1 Difficulty level
Ship speed fixed
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Developed by CrimsinRaven
Published by Native Studio in 2011
I am into casual games, as long as they're shmups. Recently, casual shmups have been pouring like crazy in the XBLIG section of the Xbox 360 online service. There has been at least one release per week for some time now, and admittedly most of them are quite bland. The most casual of casuals don't really interest me, because I like to dedicate myself to games that have an ending - even casual ones. And again, like it happened a few times before, last Friday I was bored but too tired to dig deeper into a full-blown bullet fest. So I thought it would be okay to give a chance to one of the latest indie shmups I downloaded. Paper Sky seemed to be interesting enough to hold my attention for an hour or so.
In the past there have been attempts at including artsy concepts in the shmup realm, from which one of the most intriguing is Platypus. Following a similar idea, Paper Sky tries to build a specific identity to itself, based on several layers of paper collages applied to both backgrounds and enemy design. It's visually eye-catching (that's the main reason why I decided to play it), but since this is a budget title it's really hard to demand anything more than a hastily made novelty, a passtime shooter that doesn't do anything beyond the very basic in order to leave a decent impression in the audience. It's got a certain value from an artistic standpoint, but it disappoints in the gameplay department and definitely fails on the programming side of things: this is what happens when developers make a shmup without being familiar with simple albeit crucial genre traits. It's about time devs realized that fun doesn't exclude concepts such as performance and competition, and it astounds me how such simple yet extremely effective programming routines are just ignored by the majority of indie developers out there, routines that would otherwise elevate the game above its peers for immediate and - possibly - long lasting fame and appreciation.
In Paper Sky the craft you fly with is a paper plane, just like the one everybody learns how to carefully fold as a child. It bends as it moves, but the firepower is always directed forwards. Destroyed enemies turn into green dots that get drawn to the plane and increase the XP bar, and when this bar gets full your power level is upgraded. There are five power levels to be reached, but the only improvement you get is that you move a little bit faster and shots get a little bit stronger. The SP bar fills up automatically with time and feeds the special attack, a forward thick burst of bullets I like to call “power fart”. Its primary function is to take out multiple targets in a row. The main shot can be upgraded with two types of items: the double shot and the triple/spread shot. Both have limited ammo and must be refilled for continuous use. Besides that, the game also throws auxiliary option planes that hover above and below the ship. Dying is a matter of taking one or two hits - if the plane escapes death on the first hit it starts smoking, but if you manage to survive long enough it will self-repair.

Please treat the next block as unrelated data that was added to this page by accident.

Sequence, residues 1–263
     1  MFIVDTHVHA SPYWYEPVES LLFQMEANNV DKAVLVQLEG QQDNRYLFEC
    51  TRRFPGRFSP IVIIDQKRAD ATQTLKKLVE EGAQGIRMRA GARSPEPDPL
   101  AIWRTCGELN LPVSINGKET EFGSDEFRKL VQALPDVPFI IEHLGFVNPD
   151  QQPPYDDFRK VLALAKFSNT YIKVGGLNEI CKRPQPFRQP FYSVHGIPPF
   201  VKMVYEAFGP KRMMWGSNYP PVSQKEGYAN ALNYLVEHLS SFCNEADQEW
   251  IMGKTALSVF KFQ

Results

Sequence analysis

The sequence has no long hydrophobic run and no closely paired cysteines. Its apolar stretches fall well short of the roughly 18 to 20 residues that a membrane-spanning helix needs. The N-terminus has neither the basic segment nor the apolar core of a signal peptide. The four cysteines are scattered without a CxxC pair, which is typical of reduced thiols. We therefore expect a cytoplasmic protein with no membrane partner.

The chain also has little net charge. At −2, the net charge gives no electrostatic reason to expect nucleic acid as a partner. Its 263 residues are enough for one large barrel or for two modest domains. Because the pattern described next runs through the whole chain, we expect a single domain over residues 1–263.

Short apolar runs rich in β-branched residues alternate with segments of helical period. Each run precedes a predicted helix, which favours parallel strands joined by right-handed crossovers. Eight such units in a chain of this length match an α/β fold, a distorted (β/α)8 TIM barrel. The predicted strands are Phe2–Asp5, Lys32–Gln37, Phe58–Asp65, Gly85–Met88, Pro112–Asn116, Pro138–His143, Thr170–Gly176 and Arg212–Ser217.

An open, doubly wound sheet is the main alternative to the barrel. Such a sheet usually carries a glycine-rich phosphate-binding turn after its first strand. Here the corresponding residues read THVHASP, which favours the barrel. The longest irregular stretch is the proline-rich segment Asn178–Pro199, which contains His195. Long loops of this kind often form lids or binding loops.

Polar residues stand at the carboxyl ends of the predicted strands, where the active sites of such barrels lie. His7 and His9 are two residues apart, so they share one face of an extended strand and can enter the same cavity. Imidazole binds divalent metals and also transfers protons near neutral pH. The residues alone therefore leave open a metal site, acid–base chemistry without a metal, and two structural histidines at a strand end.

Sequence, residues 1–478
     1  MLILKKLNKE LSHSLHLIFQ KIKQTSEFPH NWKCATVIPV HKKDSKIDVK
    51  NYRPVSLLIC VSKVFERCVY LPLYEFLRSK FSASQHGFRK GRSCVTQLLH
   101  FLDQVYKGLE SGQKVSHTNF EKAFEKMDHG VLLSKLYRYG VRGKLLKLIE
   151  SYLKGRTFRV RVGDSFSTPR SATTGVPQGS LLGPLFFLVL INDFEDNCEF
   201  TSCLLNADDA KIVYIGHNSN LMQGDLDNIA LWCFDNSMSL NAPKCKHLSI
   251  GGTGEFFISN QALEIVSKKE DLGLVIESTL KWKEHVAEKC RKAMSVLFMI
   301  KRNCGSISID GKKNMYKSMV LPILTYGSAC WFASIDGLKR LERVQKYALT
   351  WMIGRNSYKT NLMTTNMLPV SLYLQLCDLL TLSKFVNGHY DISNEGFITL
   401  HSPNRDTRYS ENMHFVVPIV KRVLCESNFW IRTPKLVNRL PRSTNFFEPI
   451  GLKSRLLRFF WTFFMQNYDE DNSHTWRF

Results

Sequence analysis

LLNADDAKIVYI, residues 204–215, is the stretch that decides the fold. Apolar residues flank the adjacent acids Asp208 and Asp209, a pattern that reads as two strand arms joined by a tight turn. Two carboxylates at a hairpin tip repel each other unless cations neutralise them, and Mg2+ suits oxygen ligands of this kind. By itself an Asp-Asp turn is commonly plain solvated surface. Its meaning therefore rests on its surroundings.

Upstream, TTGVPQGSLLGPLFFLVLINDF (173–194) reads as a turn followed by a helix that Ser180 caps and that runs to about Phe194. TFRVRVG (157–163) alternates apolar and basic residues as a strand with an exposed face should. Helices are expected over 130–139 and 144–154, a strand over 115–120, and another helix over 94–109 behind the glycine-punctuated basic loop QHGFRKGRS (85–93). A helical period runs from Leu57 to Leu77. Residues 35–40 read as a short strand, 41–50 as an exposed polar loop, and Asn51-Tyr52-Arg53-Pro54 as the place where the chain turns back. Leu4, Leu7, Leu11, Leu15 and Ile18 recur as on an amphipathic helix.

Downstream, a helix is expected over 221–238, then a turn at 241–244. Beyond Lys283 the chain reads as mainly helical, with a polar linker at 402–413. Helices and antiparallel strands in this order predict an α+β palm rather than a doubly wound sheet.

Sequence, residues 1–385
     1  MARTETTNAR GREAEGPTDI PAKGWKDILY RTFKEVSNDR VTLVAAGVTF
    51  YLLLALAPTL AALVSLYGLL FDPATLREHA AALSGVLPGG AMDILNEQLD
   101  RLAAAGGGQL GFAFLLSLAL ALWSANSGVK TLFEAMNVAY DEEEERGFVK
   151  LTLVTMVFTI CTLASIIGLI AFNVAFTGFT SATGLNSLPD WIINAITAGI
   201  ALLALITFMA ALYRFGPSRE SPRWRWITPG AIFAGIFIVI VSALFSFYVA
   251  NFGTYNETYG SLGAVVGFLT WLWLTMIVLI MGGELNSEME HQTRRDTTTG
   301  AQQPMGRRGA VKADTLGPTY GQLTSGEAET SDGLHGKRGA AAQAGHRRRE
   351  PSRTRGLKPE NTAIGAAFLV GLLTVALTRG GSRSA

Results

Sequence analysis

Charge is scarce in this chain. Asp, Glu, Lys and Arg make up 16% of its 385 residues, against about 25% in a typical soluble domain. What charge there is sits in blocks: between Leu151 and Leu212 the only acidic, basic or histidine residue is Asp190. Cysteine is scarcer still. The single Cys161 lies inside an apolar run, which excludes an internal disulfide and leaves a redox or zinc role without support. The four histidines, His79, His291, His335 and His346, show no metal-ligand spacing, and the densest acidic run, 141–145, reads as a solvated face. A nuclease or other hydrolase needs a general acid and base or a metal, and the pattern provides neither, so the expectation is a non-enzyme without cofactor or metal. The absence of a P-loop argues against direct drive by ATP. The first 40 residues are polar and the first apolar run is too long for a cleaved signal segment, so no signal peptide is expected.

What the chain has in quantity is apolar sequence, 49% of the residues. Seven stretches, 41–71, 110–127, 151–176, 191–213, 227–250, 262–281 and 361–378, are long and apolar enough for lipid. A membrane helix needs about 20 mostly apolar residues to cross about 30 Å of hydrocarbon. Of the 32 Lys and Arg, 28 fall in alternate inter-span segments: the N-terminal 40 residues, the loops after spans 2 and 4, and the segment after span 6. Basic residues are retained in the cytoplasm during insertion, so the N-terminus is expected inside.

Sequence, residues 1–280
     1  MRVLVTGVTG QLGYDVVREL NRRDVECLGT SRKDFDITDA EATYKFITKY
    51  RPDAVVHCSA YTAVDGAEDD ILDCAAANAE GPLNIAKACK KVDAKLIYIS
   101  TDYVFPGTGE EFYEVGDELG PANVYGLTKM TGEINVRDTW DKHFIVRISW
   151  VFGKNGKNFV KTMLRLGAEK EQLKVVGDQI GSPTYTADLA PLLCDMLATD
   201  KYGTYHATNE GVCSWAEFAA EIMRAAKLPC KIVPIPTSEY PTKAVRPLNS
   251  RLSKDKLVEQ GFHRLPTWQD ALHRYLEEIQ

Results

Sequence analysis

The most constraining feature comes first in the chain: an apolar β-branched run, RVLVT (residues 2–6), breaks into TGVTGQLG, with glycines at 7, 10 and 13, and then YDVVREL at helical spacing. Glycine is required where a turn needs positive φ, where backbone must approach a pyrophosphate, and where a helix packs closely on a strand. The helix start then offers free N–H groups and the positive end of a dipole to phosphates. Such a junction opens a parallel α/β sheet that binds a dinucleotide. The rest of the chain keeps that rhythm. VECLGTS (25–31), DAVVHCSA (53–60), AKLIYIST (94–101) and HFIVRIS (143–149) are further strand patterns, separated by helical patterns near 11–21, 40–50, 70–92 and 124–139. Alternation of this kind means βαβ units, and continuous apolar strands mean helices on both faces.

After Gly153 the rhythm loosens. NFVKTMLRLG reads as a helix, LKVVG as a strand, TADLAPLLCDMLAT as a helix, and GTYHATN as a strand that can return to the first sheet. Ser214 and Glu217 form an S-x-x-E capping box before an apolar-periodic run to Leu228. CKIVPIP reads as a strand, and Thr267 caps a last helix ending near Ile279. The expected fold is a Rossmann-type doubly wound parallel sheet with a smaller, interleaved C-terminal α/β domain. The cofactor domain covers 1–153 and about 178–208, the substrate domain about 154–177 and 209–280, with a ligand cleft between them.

It’s interesting to notice that when you start playing the first couple of stages seem a bit hectic, but this impression comes from the confusion you get with the green dots that add to the XP gauge. It takes a while until you stop trying to dodge them, and then you realize how empty these stages actually are. Destruction animations are done with flying dot debris and look kinda cool, but you can’t help but feel that the action drags, especially when the scrolling stops and you’re left shooting waves and waves of popcorn stuff. The pace starts picking up only in the sewers of the 4th stage, as well as the challenge. By then it gets important to preserve the power fart stock for a number of reasons: enemies increase in number, parts of the screen become hazardous, bosses decide to give trouble and the game ceases to grant 1UPs every minute or so.
Official release trailer for Paper Sky
(courtesy of developer and YouTube user NativeStudio)
Graphical exquisiteness is great, but again it’s not enough to overcome the flaws of Paper Sky. I enjoy the fact that enemy bullets are all rendered like little worms. Some of the cartoonish enemy designs for each specific stage are charming. I really wish the intensity you experience during the last boss battle was applied to the rest of the game, but unfortunately you’re stuck with snoozing action for more than half of it. It’s so boring that Paper Sky actually takes you by surprise when the increase in difficulty kicks in.
Even though it’s great to see an indie shmup that doesn’t give you the ending on a plate (the game has no continues and no saves whatsoever), it bugs me that the score display keeps coming and going randomly and there’s no high score table of any kind. If you’re not fast enough to pause you won’t see how much you scored after beating the last boss. As expected, everything else in the game’s presentation is bare bones, down to the poor ending screen. It’s a real shame, because I think it wouldn’t take much to add a nice scoring system to the basic idea. Allowing co-op play doesn't count.
I wasn’t able to beat the game on the first day, so I gave it another try on Sunday. Below is the resulting 1CC high score: